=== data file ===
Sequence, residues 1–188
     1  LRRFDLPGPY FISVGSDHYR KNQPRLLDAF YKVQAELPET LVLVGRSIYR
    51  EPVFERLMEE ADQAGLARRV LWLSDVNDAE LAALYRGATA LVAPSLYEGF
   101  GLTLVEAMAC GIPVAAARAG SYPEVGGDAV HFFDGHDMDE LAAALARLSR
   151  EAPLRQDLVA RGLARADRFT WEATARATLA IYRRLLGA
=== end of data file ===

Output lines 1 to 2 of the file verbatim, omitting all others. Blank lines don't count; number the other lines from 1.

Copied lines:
Sequence, residues 1–188
     1  LRRFDLPGPY FISVGSDHYR KNQPRLLDAF YKVQAELPET LVLVGRSIYR